Prudential Market Insights | September 2018

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  • 05 mins 30 secs
Phil Butler, Multi Asset Portfolio Manager for PPMG, discusses the exposure of Eurozone banks, the development of the US stance on trade, the surprise rise of UK inflation in July and if these have been any recent changes in the portfolio.


PRESENTER: For our monthly look at the global economy, I’m joined down the line by Phil Butler, Multi-Asset Portfolio Manager, Prudential Portfolio Management Group. So, Phil, Turkey has rarely been out of the news of late. So what are the chances of contagion and how exposed are eurozone banks?

PHIL BUTLER: Hi Jenny. Yes, I think Mr Erdogan was very much chest pumping, a bit like Donald Trump, and that means that it regularly gets into the news. There are probably three key ways in which this is going to evolve going forwards. So we’ve got some financial disorder, which is going to be through the lira’s moved down 40% year to date, inflation’s over 15%, and they’ve got a current account deficit that’s greater than 5%. So if they’re not going to invoke some policies outside of just some sort of economic restraint, that’s one way that this could go.

The second is probably around eurozone banks who have been the main lender to Turkey over the last few years. They’ve got about €150 billion of debt allocated to Turkey. The majority of that is in Spain through their subsidiary banks to Turkey, although France and Italy also have some exposure. Now the total exposure to those eurozone banks isn’t enough to make them insolvent, but it’s enough to hurt share price and investor sentiment towards them, and we’ve seen that with their year-to-date performance in the stock market. The insolvency rate at the moment of the non-performing loans in Turkey is small, but we’d expect that to increase. And that’s an area that we’re focusing on given our portfolio positioning.

I think the third is contagion, contagion of other countries, investors fearing that something can happen in another country. So named ones are normally Argentina, South Africa, India. But each of them have something, whilst having some qualities of Turkey, have also done different activities. So they have central bank independence, which Turkey doesn’t have. But also they’re more traditional. They’ve got help from people like IMF which backs investor confidence to start investing with them. And Turkey’s tried to go down a different approach with money from Qatar, its new ally, and we’ll see how that unfolds. I very much think that Mr Erdogan and President Trump if they can come up with a way to save face and get beyond their headlock at the moment that would be very positive for markets.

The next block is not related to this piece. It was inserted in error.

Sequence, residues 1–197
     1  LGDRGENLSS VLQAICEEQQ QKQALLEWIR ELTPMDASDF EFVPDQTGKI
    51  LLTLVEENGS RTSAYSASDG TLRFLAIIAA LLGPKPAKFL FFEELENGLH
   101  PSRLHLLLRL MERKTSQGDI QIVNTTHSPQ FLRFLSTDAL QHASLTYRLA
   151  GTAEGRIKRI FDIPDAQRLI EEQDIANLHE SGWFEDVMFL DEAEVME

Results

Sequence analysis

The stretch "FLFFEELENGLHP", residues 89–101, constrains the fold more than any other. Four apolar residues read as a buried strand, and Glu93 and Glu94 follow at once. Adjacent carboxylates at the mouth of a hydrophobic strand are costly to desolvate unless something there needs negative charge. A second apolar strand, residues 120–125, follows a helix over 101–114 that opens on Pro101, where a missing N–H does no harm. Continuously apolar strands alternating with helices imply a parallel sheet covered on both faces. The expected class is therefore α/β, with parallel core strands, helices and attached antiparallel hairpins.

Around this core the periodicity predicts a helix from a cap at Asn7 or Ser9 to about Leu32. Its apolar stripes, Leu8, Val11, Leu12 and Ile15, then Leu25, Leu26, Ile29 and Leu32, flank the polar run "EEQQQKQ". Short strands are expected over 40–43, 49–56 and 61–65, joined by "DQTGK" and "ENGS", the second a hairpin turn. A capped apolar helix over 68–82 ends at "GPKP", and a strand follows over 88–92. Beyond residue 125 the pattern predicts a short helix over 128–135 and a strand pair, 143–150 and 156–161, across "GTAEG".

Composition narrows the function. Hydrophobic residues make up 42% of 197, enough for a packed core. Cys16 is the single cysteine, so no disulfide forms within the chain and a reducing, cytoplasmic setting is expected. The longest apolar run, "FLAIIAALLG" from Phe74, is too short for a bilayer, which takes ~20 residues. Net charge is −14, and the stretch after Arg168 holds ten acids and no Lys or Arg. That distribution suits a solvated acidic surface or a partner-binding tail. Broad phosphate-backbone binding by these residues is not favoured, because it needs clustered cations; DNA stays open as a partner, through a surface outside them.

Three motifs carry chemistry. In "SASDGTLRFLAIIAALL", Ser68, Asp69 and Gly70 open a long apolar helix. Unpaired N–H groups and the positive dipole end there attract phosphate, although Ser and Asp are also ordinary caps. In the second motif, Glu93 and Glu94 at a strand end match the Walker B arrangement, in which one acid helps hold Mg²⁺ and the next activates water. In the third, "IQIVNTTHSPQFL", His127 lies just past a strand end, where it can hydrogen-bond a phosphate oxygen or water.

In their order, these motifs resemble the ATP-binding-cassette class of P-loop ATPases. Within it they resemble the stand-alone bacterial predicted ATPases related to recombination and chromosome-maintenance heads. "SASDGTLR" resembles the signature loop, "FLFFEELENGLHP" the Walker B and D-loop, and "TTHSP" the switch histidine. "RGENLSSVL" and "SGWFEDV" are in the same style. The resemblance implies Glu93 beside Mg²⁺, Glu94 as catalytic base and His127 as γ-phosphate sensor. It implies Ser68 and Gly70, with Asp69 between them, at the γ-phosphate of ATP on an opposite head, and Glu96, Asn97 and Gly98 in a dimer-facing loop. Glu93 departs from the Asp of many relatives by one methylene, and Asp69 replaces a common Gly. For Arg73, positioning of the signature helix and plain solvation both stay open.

PRESENTER: And how has the US stance on trade deals developed?

PHIL BUTLER: Yes, it’s some positive, some negative if I had to summarise it up. Mexico, as we heard recently, have come to an agreement with the US. It’s around, they’ve basically agreed to generate more of things like cars and income, wages of employees for those cars, in the North America region, so importing less, which is what the US has wanted all along. So that’s a positive. It sounds like they’re both going to win in that agreement. It’s a 16-year deal to be reviewed six yearly. So I think that’s a good deal. On the other side, China/US, there was some minor talk about some low level diplomats discussing this over the summer, and we saw some stock market rebound but not a huge amount. And as we see with the EU this is ongoing. So Canada’s the outlier there holding firm with not wanting to come to the table and negotiate. So it’s very much step by step with this one, and it can change very rapidly with either one tweet or one positive news announcement.

PRESENTER: Now in July UK inflation rose for the first time since November last year. Did this surprise markets or was it largely expected?

PHIL BUTLER: Yes you’re right. So in July inflation moved up from 2.4% to 2.5%, and this was the first rise we saw from November when it hit highs of 3.1%. Now, back in November, if we cast our mind back, the consensus forecast, what the whole market was expecting for 2018 was 2.6%. So no real surprise there, we’re very much close to that level, if only a little bit higher. Now our own internal views, if you look at the forecast moving forward, is that inflation is very much subdued in the UK; that FX flow that we had post-Brexit hasn’t really come across in the currency anymore. I think if you look at fuel food, those prices are not getting pressured at the moment. So we’re quite relaxed about that, and the market seems to be as well.

PRESENTER: And finally have you made any portfolio changes over the summer?

PHIL BUTLER: No, largely portfolios remain unchanged. We are positive if you look at the fundamental outlook on corporate earnings, economic growth. So we have a positive weighting to global equities, but in predominantly the US and UK. We also have a small position in the Italian banks, given both the political and now the Turkey contagion view there, and we think there’s some value there.

PRESENTER: Phil, thank you.

PHIL BUTLER: Thank you.

PRESENTER: And PPMG will be back next month with their latest update, so do keep an eye out for that on and thanks for watching.

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